Will the United States Ever Leave Nicaragua Alone?

The Presidential Election of 2006

By Roxanne Dunbar-Ortiz 

Even before the landslide election of evo morales as president of Bolivia at the end of 2005, and with left-leaning parties in power in Venezuela, Chile, Argentina, Brazil, and Uruguay, there have been hopes and fears, depending on the observer, of a possible left-wing sweep of Latin America. Given that Nicaragua is the second poorest country in the Americas and has only three million people and negligible resources, few outside the region consider Nicaragua’s 2006 presidential election significant in the process.

However, with Daniel Ortega of the Sandinista National Liberation Front (FSLN) running for president once again, the Bush administration has expressed concern about a possible return of the Sandinistas to the presidency, which they lost in the 1990 elections. This is not a new concern and not limited to the Bush administration. In October 1996, a few weeks before Nicaraguan elections, the Clinton administration’s State Department spokesman, Nicholas Burns, warned against electing Ortega saying, according to one report, that “Washington remembered Ortega’s past actions against the United States.” In 2001, the Bush administration used the September 11 attacks to oppose the return of the Sandinista “terrorists,” and is doing the same regarding Nicaragua’s upcoming November 2006 elections.

It is scarcely possible, indeed somewhat distorting, to discuss Nicaragua’s internal politics outside the context of its political history, in which the United States has loomed large since Nicaragua’s independence. From “gunboat diplomacy” to military interventions and occupations to establishing a U.S.-friendly dictatorship to organizing a war of terror against the Sandinista government to the 1990 elections that ousted the FSLN to promoting neoliberal economic policies to replace social programs, U.S. administrations have prevented Nicaragua from expressing basic national sovereignty.

The FSLN took power in Nicaragua in 1979, when its two-decade insurgency led to mass uprisings against the dictator Anastasio Somoza, who was the third in a succession of three Somoza family members to rule Nicaragua as dictators for nearly a half century, initially installed and supported throughout by U.S. administrations. Following the Sandinista triumph, the Reagan administration began in 1981 to form and finance former Somoza national guardsmen and members of the disposed oligarchy to overthrow the Sandinistas. Despite having to go on a military footing to resist the counter-revolution (Contra war), the Sandinistas held elections in 1984, which the Reagan administration condemned and which the U.S.-funded political parties boycotted. Daniel Ortega won the presidency on behalf of the FSLN, and the elections also created a multiparty National Assembly that completed a constitution which went into effect in 1987 and remains in operation today. The U.S.-sponsored war against the Sandinistas, causing tens of thousands of civilian casualties and destruction of the already underdeveloped economic infrastructure, raged on into the George H. W. Bush administration. Under pressure from the United States, the Nicaraguan national elections that were scheduled for November 1990 were moved up to February 1990, in exchange for the promise of demobilization of the Contras, a deal brokered in part by former President Jimmy Carter. The FSLN was not prepared for elections, but the Nicaraguan population was exhausted by war and economic austerity. The United States, through the National Endowment for Democracy (NED), granted nearly $13 million specifically to opposition parties in the election, along with the tens of millions pumped into anti-FSLN organizing by NED and the CIA. Furthermore, in the December 1989 U.S. invasion of Panama and removal of its president, the U.S. military forces entered the residence of the Nicaraguan ambassador in Panama, a clear provocation and warning to the Nicaraguan people of what would transpire if the FSLN was reelected. Not surprisingly, the FSLN won only 40.8 percent of the vote and 39 seats in the 92-seat National Assembly, while the National Opposition Union (UNO), the U.S.-supported collection of parties headed by Violeta Chamorro, garnered 54.7 percent of the votes and 51 seats in the Assembly.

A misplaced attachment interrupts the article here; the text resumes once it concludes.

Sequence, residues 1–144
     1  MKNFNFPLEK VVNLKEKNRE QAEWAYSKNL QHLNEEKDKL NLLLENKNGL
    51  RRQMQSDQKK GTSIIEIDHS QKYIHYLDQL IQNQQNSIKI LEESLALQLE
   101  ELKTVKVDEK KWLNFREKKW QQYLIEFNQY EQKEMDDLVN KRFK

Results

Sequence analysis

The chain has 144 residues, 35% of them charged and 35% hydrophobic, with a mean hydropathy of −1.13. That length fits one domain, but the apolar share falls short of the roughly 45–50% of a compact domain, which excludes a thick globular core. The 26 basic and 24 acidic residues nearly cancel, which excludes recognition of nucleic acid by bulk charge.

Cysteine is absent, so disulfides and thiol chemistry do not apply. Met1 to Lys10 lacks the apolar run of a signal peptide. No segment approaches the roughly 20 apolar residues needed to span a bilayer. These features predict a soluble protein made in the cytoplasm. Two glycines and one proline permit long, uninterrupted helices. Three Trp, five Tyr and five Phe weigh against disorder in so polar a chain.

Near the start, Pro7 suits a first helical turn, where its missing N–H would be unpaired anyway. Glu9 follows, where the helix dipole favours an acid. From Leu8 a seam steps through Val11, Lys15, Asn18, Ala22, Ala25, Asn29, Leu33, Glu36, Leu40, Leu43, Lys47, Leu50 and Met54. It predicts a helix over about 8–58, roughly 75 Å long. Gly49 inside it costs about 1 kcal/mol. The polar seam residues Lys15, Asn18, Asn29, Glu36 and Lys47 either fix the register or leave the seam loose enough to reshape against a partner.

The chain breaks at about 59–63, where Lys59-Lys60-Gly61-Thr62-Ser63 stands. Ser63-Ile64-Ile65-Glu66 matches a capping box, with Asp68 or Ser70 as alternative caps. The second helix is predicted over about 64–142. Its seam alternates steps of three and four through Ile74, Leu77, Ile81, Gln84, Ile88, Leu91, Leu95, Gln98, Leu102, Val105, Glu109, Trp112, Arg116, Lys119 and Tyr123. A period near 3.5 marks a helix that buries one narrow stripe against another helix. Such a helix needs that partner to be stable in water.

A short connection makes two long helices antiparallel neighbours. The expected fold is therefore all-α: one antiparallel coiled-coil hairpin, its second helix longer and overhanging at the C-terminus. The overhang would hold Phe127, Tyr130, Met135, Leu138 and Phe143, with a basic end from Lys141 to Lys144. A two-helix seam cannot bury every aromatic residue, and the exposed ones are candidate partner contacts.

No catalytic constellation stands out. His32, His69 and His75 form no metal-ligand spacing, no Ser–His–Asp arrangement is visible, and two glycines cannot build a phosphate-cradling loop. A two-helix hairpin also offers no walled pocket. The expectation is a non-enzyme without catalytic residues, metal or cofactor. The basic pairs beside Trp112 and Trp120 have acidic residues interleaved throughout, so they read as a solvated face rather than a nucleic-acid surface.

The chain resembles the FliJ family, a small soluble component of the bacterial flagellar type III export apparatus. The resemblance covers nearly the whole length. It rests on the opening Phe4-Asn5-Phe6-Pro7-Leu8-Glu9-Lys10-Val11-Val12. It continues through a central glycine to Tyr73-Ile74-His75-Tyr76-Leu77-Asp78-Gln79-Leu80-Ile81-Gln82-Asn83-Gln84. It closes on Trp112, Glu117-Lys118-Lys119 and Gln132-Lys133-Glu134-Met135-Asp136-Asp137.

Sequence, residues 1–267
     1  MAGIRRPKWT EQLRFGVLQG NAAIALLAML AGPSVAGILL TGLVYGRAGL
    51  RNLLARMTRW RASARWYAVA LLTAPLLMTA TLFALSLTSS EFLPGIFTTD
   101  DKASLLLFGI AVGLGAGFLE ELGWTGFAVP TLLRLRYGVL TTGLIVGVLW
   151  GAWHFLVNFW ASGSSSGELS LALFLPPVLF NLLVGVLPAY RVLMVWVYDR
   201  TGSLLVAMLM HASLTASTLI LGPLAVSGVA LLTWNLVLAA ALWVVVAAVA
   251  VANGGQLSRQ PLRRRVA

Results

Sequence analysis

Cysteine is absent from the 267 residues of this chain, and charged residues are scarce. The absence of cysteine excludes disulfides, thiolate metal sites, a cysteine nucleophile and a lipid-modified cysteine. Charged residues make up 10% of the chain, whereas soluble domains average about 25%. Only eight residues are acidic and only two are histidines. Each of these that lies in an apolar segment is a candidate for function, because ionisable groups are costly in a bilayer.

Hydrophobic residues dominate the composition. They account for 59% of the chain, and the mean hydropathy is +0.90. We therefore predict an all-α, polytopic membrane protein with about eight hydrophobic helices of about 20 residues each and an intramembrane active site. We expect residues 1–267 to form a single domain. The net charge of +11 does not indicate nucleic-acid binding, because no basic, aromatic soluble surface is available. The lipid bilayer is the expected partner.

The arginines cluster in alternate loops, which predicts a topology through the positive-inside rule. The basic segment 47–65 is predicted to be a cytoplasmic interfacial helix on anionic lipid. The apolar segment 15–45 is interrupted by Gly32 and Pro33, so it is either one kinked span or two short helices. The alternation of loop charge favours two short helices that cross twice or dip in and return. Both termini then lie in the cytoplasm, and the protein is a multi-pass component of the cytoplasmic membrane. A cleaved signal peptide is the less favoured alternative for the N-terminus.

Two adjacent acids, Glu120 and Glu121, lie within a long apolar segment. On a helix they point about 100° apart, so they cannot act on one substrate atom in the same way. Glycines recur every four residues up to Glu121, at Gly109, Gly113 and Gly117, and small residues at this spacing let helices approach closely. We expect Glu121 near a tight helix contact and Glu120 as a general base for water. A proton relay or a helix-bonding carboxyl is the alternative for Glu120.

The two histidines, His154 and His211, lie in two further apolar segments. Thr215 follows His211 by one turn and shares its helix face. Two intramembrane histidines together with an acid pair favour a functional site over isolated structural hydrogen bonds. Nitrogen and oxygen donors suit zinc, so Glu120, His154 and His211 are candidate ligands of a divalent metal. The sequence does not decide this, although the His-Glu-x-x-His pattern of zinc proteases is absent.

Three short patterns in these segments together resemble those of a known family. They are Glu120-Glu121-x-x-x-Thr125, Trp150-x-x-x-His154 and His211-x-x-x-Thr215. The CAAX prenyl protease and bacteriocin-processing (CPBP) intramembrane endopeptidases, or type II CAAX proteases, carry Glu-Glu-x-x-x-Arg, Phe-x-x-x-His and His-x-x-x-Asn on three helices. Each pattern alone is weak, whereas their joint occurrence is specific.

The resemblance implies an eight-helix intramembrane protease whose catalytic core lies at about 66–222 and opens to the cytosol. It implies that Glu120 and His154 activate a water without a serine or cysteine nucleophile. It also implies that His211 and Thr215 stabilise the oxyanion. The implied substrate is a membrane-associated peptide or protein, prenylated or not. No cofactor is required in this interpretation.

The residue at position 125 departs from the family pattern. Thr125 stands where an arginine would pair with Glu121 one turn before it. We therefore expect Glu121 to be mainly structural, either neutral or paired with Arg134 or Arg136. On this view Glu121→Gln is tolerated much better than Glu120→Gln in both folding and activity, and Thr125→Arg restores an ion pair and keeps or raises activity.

Despite the FSLN’s loss in the 1990 elections, it retained enough Assembly seats and strong civil society support to force all three presidents (Chamorro, Alemán, and Bolaños) up to 2006 to broker deals that increased the FSLN’s political power. In 1995, then President Arnoldo Alemán (PLC-Liberal Party) amended the constitution, granting the FSLN and other parties in Congress more decision-making power over nominees for the Supreme Court and the Electoral Council. The Sandinistas also have come to control the majority of municipalities throughout the country.

The Bush administration came to office in 2001 with a sizable bloc of former Reagan managers of the Contra war and has made clear its intention to prevent the FSLN from regaining power through the electoral system. During Bush’s first term of office, Otto Reich, followed by Roger Noriega, served as Assistant Secretary of State for Hemispheric Affairs. Reich had directed the Reagan administration’s Office of Public Diplomacy, a propaganda mechanism for planting negative stories about the Sandinistas and positive ones about the contras. During the Reagan administration, Roger Noriega administered aid to Central America from the Agency for International Development (USAID), providing supplies to the Contras. Eliot Abrams was in charge of human rights in Reagan’s State Department, and then in 1985 was appointed Assistant Secretary of State for Inter-American Affairs. In that capacity, he persistently and viciously attacked the Sandinistas for human rights violations and characterized the Contras as “freedom fighters,” as President Reagan also called them. In the Bush administration, Abrams has moved on to a similar role on Middle East affairs in the National Security Council. But in 2005, Bush also appointed Abrams director of his new global democracy campaign, which he will surely use to batter an FSLN-led government if it succeeds in winning the presidential election.